With less than six months to go until the Gas Appliance Regulation (GAR) comes into force, I am finding certain questions are frequently cropping up. Below are some key pieces of information to keep you informed and guide you in your transition to the new regulation.
1) Does GAR apply to outdoor appliances?
Yes – so long as the outdoor appliances are being used for one of the specified activities listed in the GAR. The GAR applies to “appliances burning gaseous fuels used for cooking, refrigeration, air-conditioning, space heating, hot water production, lighting or washing, and also forced draught burners and heating bodies to be equipped with such burners”.
2) Is there guidance or a list within the regulations outlining what constitutes “foreseeable misuse”?
No – as part of the training we ran, BSI has provided many examples of what our experts think is foreseeable use (not ‘misuse’) but this has no official status. The term has to be taken to have its natural meaning and covers use that is outside the intended use of the product but which could be reasonably expected, based on our knowledge today.
3) Is a template for Risk analysis available and do we need to release the Risk Assessment document to customers on request?
No – every manufacturer is free to use whatever style of risk analysis that they are comfortable with and this doesn’t need to be presented to customers on request.
4) How do we control / certify products manufactured as spares after GAR is in force?
Spares are excluded from the scope of GAR, so they do not need to be certified. However, various general safety regulations may still require them to be “safe”, so manufacturers should still follow good design practice for spare parts, within the bounds of commercial practicality.
5) What will the GAR testing involve, who will be expected to do the testing and what should be in the design documentation?
The detail of testing needed will depend on the specific product(s) and the standard(s) that apply to it. Testing may be performed by any laboratory that is acceptable to the Notified Body – for example, BSI conducts testing in its own labs, in clients’ labs or in the labs of partner organisations around the world. The intent is to have a range of options that gives maximum choice and flexibility for the client.
Requirements for design documentation can be found in GAR Annex II.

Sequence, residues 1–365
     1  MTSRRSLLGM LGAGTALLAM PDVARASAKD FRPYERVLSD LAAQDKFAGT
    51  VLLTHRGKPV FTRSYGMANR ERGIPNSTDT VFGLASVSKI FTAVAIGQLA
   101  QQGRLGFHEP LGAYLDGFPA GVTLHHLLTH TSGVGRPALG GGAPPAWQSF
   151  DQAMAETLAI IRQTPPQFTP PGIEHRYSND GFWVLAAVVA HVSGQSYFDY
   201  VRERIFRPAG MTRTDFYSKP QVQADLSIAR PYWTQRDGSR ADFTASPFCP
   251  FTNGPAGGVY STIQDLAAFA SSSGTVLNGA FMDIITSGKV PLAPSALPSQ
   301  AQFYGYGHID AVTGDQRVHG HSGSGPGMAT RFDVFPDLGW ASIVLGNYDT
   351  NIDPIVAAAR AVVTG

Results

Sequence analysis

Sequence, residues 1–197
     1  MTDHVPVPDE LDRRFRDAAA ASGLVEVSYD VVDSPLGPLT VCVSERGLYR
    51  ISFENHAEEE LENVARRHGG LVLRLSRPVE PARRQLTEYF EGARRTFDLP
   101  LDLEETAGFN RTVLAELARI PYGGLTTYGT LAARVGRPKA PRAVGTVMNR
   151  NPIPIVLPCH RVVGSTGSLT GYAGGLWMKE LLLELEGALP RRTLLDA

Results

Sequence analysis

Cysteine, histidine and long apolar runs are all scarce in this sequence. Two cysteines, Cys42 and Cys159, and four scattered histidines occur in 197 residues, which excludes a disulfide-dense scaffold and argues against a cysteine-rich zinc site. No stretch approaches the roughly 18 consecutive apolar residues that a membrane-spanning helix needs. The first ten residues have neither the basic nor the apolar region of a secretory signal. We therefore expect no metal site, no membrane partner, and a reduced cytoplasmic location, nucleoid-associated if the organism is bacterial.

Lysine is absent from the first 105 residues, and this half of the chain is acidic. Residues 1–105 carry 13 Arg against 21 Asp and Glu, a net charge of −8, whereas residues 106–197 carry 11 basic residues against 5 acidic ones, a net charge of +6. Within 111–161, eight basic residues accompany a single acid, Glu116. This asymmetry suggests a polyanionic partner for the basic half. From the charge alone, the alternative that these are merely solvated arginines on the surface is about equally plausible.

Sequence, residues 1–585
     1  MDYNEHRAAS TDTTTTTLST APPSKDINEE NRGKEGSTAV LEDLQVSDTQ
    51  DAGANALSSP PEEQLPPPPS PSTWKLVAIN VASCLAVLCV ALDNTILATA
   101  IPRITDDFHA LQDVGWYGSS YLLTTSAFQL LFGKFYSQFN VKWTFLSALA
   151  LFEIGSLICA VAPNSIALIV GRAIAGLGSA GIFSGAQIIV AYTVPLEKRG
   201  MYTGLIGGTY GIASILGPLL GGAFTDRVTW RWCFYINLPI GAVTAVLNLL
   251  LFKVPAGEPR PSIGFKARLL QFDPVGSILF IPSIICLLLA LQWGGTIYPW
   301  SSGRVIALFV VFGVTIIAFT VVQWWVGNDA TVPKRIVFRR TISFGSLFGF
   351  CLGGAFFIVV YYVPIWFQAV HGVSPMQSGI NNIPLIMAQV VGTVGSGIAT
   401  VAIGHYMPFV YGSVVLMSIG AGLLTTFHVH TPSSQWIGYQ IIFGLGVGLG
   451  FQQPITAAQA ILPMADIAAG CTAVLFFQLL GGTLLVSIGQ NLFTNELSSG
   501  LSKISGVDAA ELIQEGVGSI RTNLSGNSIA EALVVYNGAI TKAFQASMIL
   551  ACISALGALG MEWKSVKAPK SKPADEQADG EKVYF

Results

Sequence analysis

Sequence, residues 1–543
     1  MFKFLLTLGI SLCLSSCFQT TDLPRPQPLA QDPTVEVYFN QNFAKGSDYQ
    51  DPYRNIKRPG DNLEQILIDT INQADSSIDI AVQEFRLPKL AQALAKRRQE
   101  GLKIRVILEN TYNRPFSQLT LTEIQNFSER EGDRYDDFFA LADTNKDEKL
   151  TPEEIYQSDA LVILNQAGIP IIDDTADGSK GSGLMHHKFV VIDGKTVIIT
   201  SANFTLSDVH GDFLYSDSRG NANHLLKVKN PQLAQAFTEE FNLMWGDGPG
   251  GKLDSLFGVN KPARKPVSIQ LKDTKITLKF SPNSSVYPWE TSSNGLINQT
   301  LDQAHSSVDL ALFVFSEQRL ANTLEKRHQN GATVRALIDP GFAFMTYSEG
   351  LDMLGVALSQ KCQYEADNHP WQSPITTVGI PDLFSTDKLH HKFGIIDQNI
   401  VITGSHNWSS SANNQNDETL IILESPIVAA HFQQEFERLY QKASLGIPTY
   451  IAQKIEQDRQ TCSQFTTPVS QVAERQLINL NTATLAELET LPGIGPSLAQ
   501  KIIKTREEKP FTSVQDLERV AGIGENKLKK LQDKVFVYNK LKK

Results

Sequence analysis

6) How would the GAR affect my company’s imports into the UK?
There are new duties and responsibilities on importers. Broadly, importers have to ensure that the manufacturer has followed the certification process correctly. If you are a UK importer and distributer of gas appliances sold under the original manufacturer’s brand you are classed as an “importer” so have responsibilities outlined in article 9 of the Regulation
7) What will be reviewed by the Notified Body for a GAR Certificate? Applicable reports – EMC, LVD, and Machinery? Any QMS requirements?
GAR compliance stands alone from all the other regulations that may or may not apply to a gas appliance or fitting. However, during Type Examination, the Notified Body will usually check evidence from related product regulations, as these may also help to satisfy GAR essential requirements. Specifically:
- The LVD or RED helps show compliance with essential requirement 3.1.7
- The EMC Directive may help under essential requirement 3.1.8
- QMS issues are only related to the Surveillance required under GAR (module D or E)
8) What is the reason for certificate validity of 3 years versus 6 or 10 years?
Notified Bodies such as BSI have new responsibilities and duties over the whole life of a Type Examination certificate, to ensure that the product continues to meet the “state of the art”, and some of the ongoing cost of performing these duties has been included within the certification fees. Clearly, if a product is only intended to last three years, the client should not have to pay for ten years of service.
9) Does the GAR include industrial tools and appliances, and does it affect a flexible gas hose?
The GAR applies to “appliances burning gaseous fuels used for cooking, refrigeration, air-conditioning, space heating, hot water production, lighting or washing, and also forced draught burners and heating bodies to be equipped with such burners” - and this covers domestic and commercial uses. Industrial processes carried out on industrial premises and “tools” would not be covered.
With regards to flexible gas hoses, these are installation components and do not usually fall within the scope of GAR. If a hose was supplied factory-fitted to a gas appliance, or was being used within a gas appliance (to interconnect different parts) then it may be considered as a “fitting” and would need to have both GAR Type Examination and Surveillance certificates.
10) Who will be responsible for the “policing” of the industry?
Enforcement is a matter for each Member State. In the UK, we expect this to be managed by local trading standards for domestic products or HSE for commercial products
Remember we have a team of experts ready to assist you with any query or support you may need in ensuring your products remain compliant.
To find out more call us on +44 345 0765 606 or email email@example.com
Author: Graham McKay
Global Head of Gas & Electrical Products